Let this ferment all the way dry, it will probably take a couple weeks, then let it sit for a few weeks more, month total. Rack this to a secondary (leaving the trub on the bottom behind) and let that age for a bit. Once it has cleared (or stopped producing sediment) you might be able to blend back in regular juice to bring the sweetness back (this will be very dry and not taste very appley). This will bring apple flavor back to it and cut the abv a little.

Either way, this stuff will put you to bed
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Old 11-28-2008, 12:33 PM   #6
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I didn't take the gravity at day 2 I thought it was to late. I am just using the natural yeast from the apples .

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Old 12-10-2008, 01:49 PM   #7
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OK I racked my Cider today I am still new at this and don't think I read the sg right it was 1.22 shouldn't it be lower? Does it matter the primary was kinda thick with apple pulp? T had a glass and it tasted like a dry wine with that hint of cider. I plan on bottling in a couple of weeks.

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Old 12-10-2008, 02:00 PM   #8
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It is definitely not 1.22, it might be 1.022, or even 1.002. Check out your hydrometer again, the scaling on it can be kind of tricky to understand if you haven't used that type of equipment before.

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Old 12-17-2008, 06:46 PM   #9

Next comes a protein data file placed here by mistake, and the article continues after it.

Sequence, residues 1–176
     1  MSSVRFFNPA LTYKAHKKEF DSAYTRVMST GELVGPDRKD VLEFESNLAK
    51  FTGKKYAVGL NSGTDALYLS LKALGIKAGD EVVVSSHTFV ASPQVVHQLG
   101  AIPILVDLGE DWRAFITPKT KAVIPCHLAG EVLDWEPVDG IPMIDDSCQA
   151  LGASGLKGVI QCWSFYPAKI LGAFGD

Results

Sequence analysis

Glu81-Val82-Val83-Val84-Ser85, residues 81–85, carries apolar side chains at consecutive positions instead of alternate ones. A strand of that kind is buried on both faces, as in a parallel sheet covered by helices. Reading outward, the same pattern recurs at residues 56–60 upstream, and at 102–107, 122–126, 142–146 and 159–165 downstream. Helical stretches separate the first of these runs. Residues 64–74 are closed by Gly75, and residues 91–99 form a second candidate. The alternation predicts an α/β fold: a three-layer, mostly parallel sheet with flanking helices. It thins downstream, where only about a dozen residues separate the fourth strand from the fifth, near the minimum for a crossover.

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Default New FG reading and ? about ABV

ok so I took another reading and i did read it wrong the first time it is at 1.020. Now if my starting gravity was 1.070. How do I know if its all the way dry yet? and what is the formula for ABV? I was using this
"Alcohol percentage by weight equals 76.08 times Original Gravity minus Final Gravity divided by 1.775 minus Original Gravity. It is easier to scribble this down: ABW = 76.08(OG-FG)/(1.775-OG).

You should remember that ABW is used mostly in the United States, while the rest of the beer world (as well as the wine and spirits world) measures Alcohol by Volume (ABV). That conversion is easy: ABV = ABW (FG/.794)." from Realbeer.com
and got 6.924 ABV doesthat sound right?

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Old 12-17-2008, 07:12 PM   #10
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I estimate abv by doing (SG - FG) / .75, with this I got 6.67% so yeah, you are in that range. There are several estimating equations and I would rely on a more experienced brewer to say which is right, but this is close enough for me to get an idea.

Also, you can finish anywhere from .990 and up, that just depends on how much fermentables you had at the beginning and how much alcohol your yeast is up to make. With a SG of 1.070 I would expect this to drop down to at least 1.000 if not lower depending on your yeast. You will know its done when it gets down to a logical FG and stays there for a week or so as confirmed by multiple hydrometer readings.